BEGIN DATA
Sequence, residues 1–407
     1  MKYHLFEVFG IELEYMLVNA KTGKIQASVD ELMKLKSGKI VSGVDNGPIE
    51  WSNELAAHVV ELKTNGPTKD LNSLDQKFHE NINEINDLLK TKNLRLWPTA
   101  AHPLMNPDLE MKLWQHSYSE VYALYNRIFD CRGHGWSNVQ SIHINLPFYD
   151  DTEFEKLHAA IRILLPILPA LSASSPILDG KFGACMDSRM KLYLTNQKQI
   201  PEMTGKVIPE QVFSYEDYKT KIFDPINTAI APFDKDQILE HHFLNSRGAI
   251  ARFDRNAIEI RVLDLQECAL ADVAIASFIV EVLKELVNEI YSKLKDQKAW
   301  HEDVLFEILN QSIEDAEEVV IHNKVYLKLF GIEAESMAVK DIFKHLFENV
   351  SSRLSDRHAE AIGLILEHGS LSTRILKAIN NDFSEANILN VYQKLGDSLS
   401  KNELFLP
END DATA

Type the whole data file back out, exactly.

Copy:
Sequence, residues 1–407
     1  MKYHLFEVFG IELEYMLVNA KTGKIQASVD ELMKLKSGKI VSGVDNGPIE
    51  WSNELAAHVV ELKTNGPTKD LNSLDQKFHE NINEINDLLK TKNLRLWPTA
   101  AHPLMNPDLE MKLWQHSYSE VYALYNRIFD CRGHGWSNVQ SIHINLPFYD
   151  DTEFEKLHAA IRILLPILPA LSASSPILDG KFGACMDSRM KLYLTNQKQI
   201  PEMTGKVIPE QVFSYEDYKT KIFDPINTAI APFDKDQILE HHFLNSRGAI
   251  ARFDRNAIEI RVLDLQECAL ADVAIASFIV EVLKELVNEI YSKLKDQKAW
   301  HEDVLFEILN QSIEDAEEVV IHNKVYLKLF GIEAESMAVK DIFKHLFENV
   351  SSRLSDRHAE AIGLILEHGS LSTRILKAIN NDFSEANILN VYQKLGDSLS
   401  KNELFLP